When starting a new business, the decisions that need to be made can seem complex and daunting.
From a legal perspective alone, decisions have to be made on the business structure and contractual arrangements between shareholders and with third parties.
Start-ups normally operate with finite financial resources which, understandably, are focussed on the primary needs of the business. Therefore, spending on non-core requirements must be limited to the essentials. Below we have compiled a list of four key areas on the legal/compliance side that are worthy of specialist input and support at an early stage. The list below aims to strike a balance between limiting legal spend and recognising the value of putting in place effective structures from the outset to facilitate growth and protect the business.
The most common type of company in Ireland is the private company limited by shares. Such companies limit the liability of shareholders to the amount they invest in the company for shares (often as little as €1.00 at the outset). The limited liability nature of such a company makes it much more attractive to potential investors. The costs are low for incorporating this type of company, particularly when weighed against the potential benefits.
If possible, the share capital structure should be simple and straightforward, with just a single class of shares being preferable. It may be suggested to you that where there are to be multiple shareholders in a company, you should have different classes of shares providing distinct rights to the various shareholders. However, incorporating different classes of shares with separate rights will make the drafting of the company's constitution more complicated and more expensive. A complex structure might also act as a deterrent to prospective investors. We would recommend that, where possible, any such complications are best avoided at the start-up stage. There will be plenty of time to create more complicated share capital structures if and when investors come on board.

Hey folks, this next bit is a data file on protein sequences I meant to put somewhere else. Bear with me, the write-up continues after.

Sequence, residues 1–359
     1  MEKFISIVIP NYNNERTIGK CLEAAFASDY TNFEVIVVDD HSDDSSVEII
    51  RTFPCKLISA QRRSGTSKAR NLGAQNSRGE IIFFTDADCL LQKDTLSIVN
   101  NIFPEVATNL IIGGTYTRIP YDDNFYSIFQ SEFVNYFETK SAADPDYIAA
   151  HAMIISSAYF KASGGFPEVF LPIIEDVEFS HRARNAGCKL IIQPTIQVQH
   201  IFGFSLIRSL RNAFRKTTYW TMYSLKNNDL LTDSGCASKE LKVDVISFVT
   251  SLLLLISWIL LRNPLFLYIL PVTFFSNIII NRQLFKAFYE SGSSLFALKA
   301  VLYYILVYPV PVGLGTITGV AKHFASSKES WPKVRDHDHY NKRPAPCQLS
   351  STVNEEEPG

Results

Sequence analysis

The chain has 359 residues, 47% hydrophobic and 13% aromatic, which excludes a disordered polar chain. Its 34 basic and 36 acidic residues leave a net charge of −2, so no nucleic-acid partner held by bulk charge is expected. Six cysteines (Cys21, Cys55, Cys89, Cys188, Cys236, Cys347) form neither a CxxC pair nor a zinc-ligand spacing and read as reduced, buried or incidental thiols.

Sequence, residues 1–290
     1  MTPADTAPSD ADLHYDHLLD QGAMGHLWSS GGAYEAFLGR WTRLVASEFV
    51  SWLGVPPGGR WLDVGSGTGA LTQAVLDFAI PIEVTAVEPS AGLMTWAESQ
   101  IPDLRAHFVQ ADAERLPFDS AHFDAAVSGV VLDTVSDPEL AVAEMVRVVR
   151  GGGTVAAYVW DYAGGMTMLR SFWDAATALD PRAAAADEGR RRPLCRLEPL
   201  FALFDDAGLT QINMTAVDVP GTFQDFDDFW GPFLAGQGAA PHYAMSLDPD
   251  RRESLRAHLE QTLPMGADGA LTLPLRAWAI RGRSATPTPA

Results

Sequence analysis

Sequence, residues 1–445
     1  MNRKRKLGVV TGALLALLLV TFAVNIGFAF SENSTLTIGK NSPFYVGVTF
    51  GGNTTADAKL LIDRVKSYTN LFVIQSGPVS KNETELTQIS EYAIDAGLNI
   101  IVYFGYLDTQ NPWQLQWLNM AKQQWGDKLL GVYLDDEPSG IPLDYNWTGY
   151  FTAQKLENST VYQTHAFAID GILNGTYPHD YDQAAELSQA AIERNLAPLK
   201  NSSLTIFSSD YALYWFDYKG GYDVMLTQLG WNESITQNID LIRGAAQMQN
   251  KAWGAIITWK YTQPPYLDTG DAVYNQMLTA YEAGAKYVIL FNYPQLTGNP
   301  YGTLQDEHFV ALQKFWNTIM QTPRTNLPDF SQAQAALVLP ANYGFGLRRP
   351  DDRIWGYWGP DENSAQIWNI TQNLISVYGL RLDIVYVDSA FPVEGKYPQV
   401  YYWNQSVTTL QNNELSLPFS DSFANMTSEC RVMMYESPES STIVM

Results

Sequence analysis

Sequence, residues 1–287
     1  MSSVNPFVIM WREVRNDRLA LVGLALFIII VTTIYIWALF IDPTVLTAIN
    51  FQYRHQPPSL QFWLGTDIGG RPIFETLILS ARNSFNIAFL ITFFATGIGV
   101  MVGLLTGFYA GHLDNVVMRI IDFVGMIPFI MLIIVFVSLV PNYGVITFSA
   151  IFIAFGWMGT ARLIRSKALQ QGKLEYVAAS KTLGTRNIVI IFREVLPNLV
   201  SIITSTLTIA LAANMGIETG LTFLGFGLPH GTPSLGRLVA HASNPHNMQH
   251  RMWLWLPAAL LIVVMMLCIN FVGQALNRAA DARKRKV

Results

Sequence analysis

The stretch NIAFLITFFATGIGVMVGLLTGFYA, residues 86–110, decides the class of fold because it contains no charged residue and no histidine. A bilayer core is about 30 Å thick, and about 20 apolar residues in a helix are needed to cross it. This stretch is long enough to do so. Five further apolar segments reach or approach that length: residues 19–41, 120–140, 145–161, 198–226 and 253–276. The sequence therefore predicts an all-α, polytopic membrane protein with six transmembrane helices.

Where a company has multiple shareholders, we would strongly advise putting in place a shareholders' agreement. A shareholders' agreement is a contract between the shareholders of a company, and the company itself, aimed at regulating the relations between shareholders and the future management of the company.
The basic purpose of a shareholders’ agreement is to specify how the company is to be managed and, as far as possible, to address in advance any issues that might become divisive in the future if not agreed beforehand. This agreement can be crucial in limiting the damaging effects of future conflicts, which can prove catastrophic for any company, by prescribing the means by which they should be resolved as well as setting out the basis on which relations between shareholders should be conducted.
It is really worthwhile establishing an effective system for record maintenance and filing of key documents (with the Companies Registration Office, the Revenue Commissioners, etc.) at the very beginning. Good practices in relation to maintaining records will pay dividends in the event of a potential investment by a third party investor. An investor will want to carry out due diligence on the business and a key area of their focus will be investigating existing shareholdings, ownership of assets and key contracts to which the company is party. Having this information easily to hand and in good order will present a positive impression of the business and how it is run.
Where a start-up business has a small or non-existent administrative team, it can be more time and cost efficient to outsource some record keeping functions, freeing up management to focus on the business not to mention the peace of mind that comes with knowing that this is taken care of. Maintenance of the company’s statutory registers could, for example, be outsourced to a professional company secretarial provider. Our company secretarial team can assist with the incorporation of a company, ongoing maintenance of company records and making necessary Companies Registration Office filings.
Where the value of a company lies in its intellectual property (IP), it will be particularly important to ensure that the company has clear evidence of its ownership or entitlement to use such IP. Any assignment of IP to the company should be properly documented. It is worth noting that such assignments must be in writing and cannot be made orally. Steps should be taken to ensure that any IP created by third party contractors on behalf of the company, or that may have been created by the promoters prior to the incorporation of the company, becomes the property of the company.
Where you are developing a brand, consideration should be given to protecting that brand through the registration of trade marks and the protection of other intellectual property rights.
We have a wealth of experience in advising start-ups and providing guidance on key legal considerations to those setting up a business. Our team has expertise in corporate and commercial law, intellectual property, employment, and company secretarial and compliance services, enabling us to provide effective guidance to those starting a new business venture.
This article appeared in Business Plus, February 2017.